In her director’s note, Jane Falion touches on the enduring appeal of The Rothschilds, as “a testament to family, dignity, honor, and unflinching tenacity against all odds… [and] a story that transcends time….” Having seen her expert adaptation of this mighty musical, one might employ those same descriptors for her cast, crew, and production! With more characters than an entire season of Riverwalk black box, more musicians than a downtown “Blues on the Square” concert, and more costumes than the annual Tony Awards, this cast and crew of “more than a few” pull off a tour de force at once powerful and poignant, epic and intimate. The Rothschilds, by Sherman Yellen and Sheldon Harnick, music by Jerry Bock, tells the true tale of the remarkable rise of this international banking family, from its plebeian plantings in the Jewish ghetto of 18th century Frankfort to its patrician blossoming in the courts and capitals of 19th century Europe. Lead protagonist Mayer Rothschild is affectionately and energetically portrayed by Riverwalk regular Doak Bloss, who wins over audience hearts from the start as a humble and hardworking Jewish shopkeeper in love. By show’s end he is no less admirable as the principled patriarch and endearing entrepreneur behind Rothschild and Sons! Mayer’s loving wife, Gutele, is tenderly played by Colleen Bethea. The cornerstone on which he builds his familial and financial foundations, she gives him five sons (four in one song!), tempers his temper (though not his resolve) regarding anti-Semitism, and moderates his monetary concerns, reminding him, “We have enough. We have each other.” Joel Reynolds (Amshel), Dominic Redman (Solomon), Nic Roberts (Nathan), and Lexie Roberts (Jacob) sparkle as the young Rothschild boys, while Scott Larson, Simon Tower, Joseph Baumann, and Logan Emlet, with Danny Bethea (Kalman), shine as their elder counterparts after a transition made mid-song. While his brothers emigrate throughout Europe in search of financial advantage, Nathan heads for London to invest the family’s ever-multiplying money. He eventually woos and weds the spirited Hannah Cohen, staged by Sarah Sonnenberg. While all five brothers fight for Jewish justice abroad, their parents stay home to battle the ghetto from within. The text is “on the money” with a “wealth” of ageless aphorisms, advising:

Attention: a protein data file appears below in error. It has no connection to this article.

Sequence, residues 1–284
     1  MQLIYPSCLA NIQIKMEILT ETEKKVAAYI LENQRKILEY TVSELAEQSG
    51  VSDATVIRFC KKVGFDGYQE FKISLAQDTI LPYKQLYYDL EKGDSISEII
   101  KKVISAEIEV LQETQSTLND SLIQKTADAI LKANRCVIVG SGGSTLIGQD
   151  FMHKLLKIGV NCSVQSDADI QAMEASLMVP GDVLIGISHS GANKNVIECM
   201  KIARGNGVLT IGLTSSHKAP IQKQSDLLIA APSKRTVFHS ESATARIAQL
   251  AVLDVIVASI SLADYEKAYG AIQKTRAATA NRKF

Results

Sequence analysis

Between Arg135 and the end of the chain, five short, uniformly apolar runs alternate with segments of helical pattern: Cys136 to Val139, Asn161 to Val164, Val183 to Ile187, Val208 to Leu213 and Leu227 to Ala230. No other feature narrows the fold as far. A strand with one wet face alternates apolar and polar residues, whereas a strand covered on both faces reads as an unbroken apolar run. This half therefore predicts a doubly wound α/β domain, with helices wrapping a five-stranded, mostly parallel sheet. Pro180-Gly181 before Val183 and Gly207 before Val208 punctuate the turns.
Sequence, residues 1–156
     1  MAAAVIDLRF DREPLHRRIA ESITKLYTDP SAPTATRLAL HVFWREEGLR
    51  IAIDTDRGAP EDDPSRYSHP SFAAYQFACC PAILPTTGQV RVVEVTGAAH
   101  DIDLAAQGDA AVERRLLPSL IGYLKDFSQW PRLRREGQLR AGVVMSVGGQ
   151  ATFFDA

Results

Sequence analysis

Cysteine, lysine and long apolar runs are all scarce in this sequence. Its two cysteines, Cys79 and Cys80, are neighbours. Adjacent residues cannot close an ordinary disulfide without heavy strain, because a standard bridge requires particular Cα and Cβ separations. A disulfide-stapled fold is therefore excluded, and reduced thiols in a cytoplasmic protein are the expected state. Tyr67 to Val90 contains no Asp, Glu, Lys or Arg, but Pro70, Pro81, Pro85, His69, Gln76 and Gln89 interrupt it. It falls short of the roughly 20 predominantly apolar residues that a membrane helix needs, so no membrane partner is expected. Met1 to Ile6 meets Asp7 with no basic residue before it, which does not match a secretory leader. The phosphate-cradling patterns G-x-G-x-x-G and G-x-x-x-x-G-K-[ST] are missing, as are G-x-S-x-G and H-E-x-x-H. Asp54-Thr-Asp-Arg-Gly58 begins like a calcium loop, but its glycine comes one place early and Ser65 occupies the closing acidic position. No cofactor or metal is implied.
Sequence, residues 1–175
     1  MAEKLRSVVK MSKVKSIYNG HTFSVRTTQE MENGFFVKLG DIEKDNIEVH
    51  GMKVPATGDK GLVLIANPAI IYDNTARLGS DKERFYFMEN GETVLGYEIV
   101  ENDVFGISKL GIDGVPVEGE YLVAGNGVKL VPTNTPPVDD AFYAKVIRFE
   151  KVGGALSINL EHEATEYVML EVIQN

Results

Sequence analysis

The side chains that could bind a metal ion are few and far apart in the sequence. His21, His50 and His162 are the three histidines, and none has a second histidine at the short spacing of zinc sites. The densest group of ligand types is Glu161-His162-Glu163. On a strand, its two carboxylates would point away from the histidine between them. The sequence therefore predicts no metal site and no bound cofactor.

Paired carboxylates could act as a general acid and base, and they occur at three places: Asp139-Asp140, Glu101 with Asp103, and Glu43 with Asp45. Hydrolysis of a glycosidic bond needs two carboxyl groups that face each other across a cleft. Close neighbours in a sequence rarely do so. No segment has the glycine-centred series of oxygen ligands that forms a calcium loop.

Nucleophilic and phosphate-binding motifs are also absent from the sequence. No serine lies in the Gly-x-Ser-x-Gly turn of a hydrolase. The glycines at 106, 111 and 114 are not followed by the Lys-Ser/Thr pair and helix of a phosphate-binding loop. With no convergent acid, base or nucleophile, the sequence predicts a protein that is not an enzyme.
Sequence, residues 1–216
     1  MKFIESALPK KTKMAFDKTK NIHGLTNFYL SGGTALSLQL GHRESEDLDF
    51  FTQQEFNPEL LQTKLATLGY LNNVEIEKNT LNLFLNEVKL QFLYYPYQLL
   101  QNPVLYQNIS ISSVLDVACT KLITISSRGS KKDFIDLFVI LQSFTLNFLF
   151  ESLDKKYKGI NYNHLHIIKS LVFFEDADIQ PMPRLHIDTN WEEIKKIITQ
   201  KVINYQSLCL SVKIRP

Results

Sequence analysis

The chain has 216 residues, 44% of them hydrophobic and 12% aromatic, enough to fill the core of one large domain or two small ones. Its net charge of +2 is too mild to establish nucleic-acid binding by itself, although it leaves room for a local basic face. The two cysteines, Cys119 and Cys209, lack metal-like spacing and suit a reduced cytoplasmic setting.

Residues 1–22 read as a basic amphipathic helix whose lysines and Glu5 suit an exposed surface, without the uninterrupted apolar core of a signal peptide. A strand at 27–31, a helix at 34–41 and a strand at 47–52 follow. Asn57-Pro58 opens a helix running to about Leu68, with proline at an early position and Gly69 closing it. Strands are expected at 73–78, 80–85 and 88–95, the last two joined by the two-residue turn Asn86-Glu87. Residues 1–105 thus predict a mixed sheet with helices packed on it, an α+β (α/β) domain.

“There is no virtue in riches. There is none in poverty either. Only in the acts of man;” revealing: “War makes money, peace makes money, but money makes money most of all;” and warning: “You think your new power can change the world. It won’t. It will only change you.”
Two thumbs up for Tom Klunzinger in his two distinct renderings of two distinguished princes (William and Metternich) — in two successive acts. He was simply “two much!” And two hands two-gether for Matt Lago, Rich Helder, and Patrick Monroe (vendors), Cameron Bethea and Scotty Arbour (urchins), and Matt Szymanski and Paul Gordon (bankers). Additional acting credit to Jeff Massey (Joseph Fouche and Herries),
Tony Zappa (Buderus), Alan Bloomfield (Blum), Lindsay Palinsky (pauper), and Mark Bethea (swing), as well as Theresa Spisak (Mrs. Kaufman), Mara Schaberg (Mrs. Segal), Laura Johnson (Mrs. Feldman), Donna Green (Mrs. Rosen), and Charlotte Rupert (Mrs. Greenberg).
On the technical end, kudos to those responsible for the set, scenery, and properties, for the sound, music, and lighting, and of course for the costuming! From the grand attire and courtly cadence of the European ballroom to the red-shifting and transcendent tension at the nightly closing of the Jewish ghetto, the atmosphere was tangible. So thanks to Larry Savoie (master builder and technician), Bob Nees and Tim Stapleton (design technicians), Tim Fox (lighting design), Ray Kurtis and Melody Teodoro-Kurtis (properties and set dressing), Dan Moore (hair design), Javier Rivera (hair assistant), Ruth Jean (clarinet), Andrew Herrbach (trumpet), Jackie Bernott (flute), and Jesse Slocum (bass). And congratulations to Jane Falion (director), Rich Helder (assistant
director), Tom Ferris (producer), Roberta Otten (choreographer), James Geer (music director and keyboards), Val Lea (stage manager), Jane Falion (again!) and her four assistants (scenic design), Mary K. Hodges-Nees and her ten technicians (costuming!), and the full stage and running crews.